Context and Initiative
Gender equality means that all genders enjoy equal resources or benefits, or equal access to and use of services – this also applies to healthcare. However, gender-related barriers to health undermine the right to health for all. Due to biological factors, men and women have different health needs and problems. In addition, health is influenced by social determinants, of which gender is a central aspect. The access to food, education, employment or decision-making is often based on gender norms and values, with negative impacts on health; in particular in women and sexual minorities. Consequently, it is important to provide gender-sensitive health services which align with the needs of their beneficiaries. Since 2002, BACKUP Health has been supporting countries to access and efficiently use grants of the Global Fund to fight AIDS, Tuberculosis and Malaria, and to promote gender equality within these programmes. This directly links to SDGs 3 and 5. Women, girls and sexual minorities, who are likely to benefit less from Global Fund programmes, are amongst the target group of BACKUP support. One example for this approach is the three-year “Shadows and Light” collaboration Project with the International Planned Parenthood Federation (IPPF). It focused on men who have sex with men, sex workers, people who use drugs and transgender people, as these are at increased risk of HIV. Working in Cameroon, Uganda, Kenya and India, the project was set out to improve the linked sexual and reproductive health (SRH) and HIV needs of these key populations.
Gender – A Quality Feature of Our Work
The BACKUP approach to integrate gender as a cross-cutting issue in all measures aligns with the Global Fund gender strategy and is welcomed and valued by partners. BACKUP integrates gender in its monitoring System and guides partners to follow a similar approach. The best evidence for the quality of our work is the satisfaction of our partners, who say that “BACKUP should continue to provide technical assistance where needed and allow for continued capacity building in cross cutting areas such as Gender and Human Rights, including capacity building for programming for Key Populations” (CCM, Zambia).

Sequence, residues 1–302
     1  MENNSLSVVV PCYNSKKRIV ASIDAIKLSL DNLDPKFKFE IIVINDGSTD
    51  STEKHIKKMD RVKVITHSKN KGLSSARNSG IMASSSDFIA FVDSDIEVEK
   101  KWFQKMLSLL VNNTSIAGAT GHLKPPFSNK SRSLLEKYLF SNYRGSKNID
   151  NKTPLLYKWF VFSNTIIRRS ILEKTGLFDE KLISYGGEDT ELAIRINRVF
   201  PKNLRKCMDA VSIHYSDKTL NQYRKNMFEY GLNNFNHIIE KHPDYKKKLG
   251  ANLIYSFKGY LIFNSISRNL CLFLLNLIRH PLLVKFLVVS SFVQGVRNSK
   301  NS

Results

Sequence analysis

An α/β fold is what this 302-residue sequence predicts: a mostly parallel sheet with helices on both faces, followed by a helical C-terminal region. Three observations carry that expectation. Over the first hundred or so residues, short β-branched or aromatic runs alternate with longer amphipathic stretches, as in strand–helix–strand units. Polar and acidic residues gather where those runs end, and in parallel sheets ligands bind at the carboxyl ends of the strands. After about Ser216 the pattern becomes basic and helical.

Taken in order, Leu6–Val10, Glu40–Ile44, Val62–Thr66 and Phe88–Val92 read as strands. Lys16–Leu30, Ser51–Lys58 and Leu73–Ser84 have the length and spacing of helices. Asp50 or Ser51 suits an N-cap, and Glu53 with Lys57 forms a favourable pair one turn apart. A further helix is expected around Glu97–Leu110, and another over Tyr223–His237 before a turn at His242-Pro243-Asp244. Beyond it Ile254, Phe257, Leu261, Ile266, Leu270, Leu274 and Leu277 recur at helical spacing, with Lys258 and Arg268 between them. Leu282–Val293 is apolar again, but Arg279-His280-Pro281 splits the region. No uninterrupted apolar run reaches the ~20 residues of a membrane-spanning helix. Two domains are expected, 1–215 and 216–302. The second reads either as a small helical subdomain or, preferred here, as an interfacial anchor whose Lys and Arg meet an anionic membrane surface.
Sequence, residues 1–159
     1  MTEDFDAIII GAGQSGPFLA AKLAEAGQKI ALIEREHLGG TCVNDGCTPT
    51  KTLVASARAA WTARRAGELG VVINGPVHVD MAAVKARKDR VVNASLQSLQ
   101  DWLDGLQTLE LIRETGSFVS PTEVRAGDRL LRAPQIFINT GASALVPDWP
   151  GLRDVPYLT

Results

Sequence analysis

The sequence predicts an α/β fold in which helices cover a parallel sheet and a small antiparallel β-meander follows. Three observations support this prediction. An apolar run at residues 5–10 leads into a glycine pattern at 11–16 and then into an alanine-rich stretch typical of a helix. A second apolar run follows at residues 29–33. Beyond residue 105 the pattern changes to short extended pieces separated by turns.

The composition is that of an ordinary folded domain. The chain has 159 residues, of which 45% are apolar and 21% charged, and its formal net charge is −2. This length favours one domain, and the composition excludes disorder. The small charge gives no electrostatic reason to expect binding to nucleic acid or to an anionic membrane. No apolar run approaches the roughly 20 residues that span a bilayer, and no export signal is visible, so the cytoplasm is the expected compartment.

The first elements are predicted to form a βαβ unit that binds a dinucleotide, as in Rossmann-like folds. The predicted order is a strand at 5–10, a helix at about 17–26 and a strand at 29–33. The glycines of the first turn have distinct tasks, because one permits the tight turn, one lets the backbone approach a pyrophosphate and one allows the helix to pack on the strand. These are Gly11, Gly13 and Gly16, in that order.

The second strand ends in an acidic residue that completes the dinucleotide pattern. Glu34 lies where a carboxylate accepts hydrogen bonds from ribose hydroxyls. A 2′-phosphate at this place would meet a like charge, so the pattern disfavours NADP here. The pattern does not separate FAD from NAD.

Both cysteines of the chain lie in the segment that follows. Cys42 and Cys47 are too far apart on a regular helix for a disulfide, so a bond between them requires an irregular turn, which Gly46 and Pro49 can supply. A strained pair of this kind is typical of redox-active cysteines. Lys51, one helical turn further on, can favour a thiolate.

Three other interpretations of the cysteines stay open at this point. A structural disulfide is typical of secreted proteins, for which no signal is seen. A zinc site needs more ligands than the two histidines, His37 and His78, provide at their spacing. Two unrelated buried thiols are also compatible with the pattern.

Since its foundation, BACKUP has contributed to gender equality within Global Fund programmes. Between 2012 and 2015, BACKUP collaborated with 134 public and civil Society organisations in 57 countries, out of which 60% explicitly integrated gender in their projects. The collaboration with IPPF had a significant impact by sensitizing service Providers and building their capacity to reach out to key populations. The project established integrated, clinic-based and outreach services for HIV and SRH. Key populations’ capacity to engage with in-country Global Fund processes was also developed. This partnership has been key to strengthening the inclusion of SRH and HIV linkages within Global Fund programmes. As a result of BACKUP’s success, partners continue to request similar activities related to gender and the Global Fund.
Dr. Klaus Peter Schnellbach
The new factsheet ‘Addressing sexual and reproductive health and HIV needs among key populations’ can be accessed here.